Written by: Scott Snyder
Art by: Jock
All-Star Batman has wrapped up its first arc. It was one we here at GWW really enjoyed. Re-teaming with a familiar artist in Jock for his all-new arc, Scott Snyder is back to work with a new setting, this one decidedly more frigid, and a new villain — Mr. Freeze. In the spirit of full disclosure, Victor Fries is my favorite Batman villain. His story of a criminal doing what he does to save his lover really resonates with me (note that I didn’t say it relates to me), so when I read that Snyder’s next arc would star the cold-blooded assailant, I was excited. With such a disclaimer in mind, it might come as a slight surprise to find I didn’t fully love this introductory issue, though it has several lovable components within it.
For starters, the new artwork is nothing short of phenomenal. An icy blue frost overtakes every page and makes the rare use of other colors stand out greatly. Jock’s illustrations are adult, his depiction of Freeze is classic but with a borderline horrific aesthetic to it, familiar to anyone who was around for Wytches. Freeze’s minions, essentially ice zombies, would feel at home in Game of Thrones. The wind whips unforgivingly on every page and you can see, even as he has prepared for the climate, Batman is giving everything he has to keep sane in the maddening cold.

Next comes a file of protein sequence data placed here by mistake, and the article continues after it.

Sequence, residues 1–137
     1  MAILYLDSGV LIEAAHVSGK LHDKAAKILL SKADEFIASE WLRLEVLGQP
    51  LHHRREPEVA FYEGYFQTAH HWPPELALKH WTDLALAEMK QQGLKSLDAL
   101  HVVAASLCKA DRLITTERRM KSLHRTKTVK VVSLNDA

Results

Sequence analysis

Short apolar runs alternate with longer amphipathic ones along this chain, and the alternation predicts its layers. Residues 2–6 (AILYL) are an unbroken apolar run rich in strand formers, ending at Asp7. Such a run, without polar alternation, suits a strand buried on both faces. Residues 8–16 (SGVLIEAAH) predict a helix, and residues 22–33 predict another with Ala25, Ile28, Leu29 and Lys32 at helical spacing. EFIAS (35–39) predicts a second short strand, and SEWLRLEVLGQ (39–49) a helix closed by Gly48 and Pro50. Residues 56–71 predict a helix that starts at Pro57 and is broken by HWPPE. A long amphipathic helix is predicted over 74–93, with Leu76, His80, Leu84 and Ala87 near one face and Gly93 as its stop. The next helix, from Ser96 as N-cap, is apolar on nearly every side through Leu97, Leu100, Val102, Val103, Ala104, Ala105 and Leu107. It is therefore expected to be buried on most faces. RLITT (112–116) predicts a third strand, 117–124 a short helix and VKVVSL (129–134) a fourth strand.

This issue is focused on Freeze more than the hero, even though they probably share an equal number of pages. It feels like we are all here to meet the man in the pink spectacles. Its pacing indicates a sort of grand introduction to the famous villain, and like the previous arc, it seems to pick up in the middle of the full story. Batman’s use of fire to offset the mad scientist looks great on the page and the narration and writing reads like Snyder’s other ongoing work, A.D. After Death. It’s more like a novel or even a poem at times.
That’s what worked, and that’s plenty, but the central story told within this issue is one that was somewhat lost on me — and I didn’t feel like that was user error. Freeze’s monologuing and the images on the final third of the pages get confusing and deserve another look over. That’s usually a sign of an author and illustrator not yet on the same page, but that’s unlikely the case here as these two have plenty of history. For whatever reason, it just didn’t hit as hard as I expected, even after an excellent first half. I expect, with some time to thaw, the story here and the full arc, will be better appreciated. Even with some of what seemed to have been deliberately confusing moments, I sort of lost the plot more than the author intended.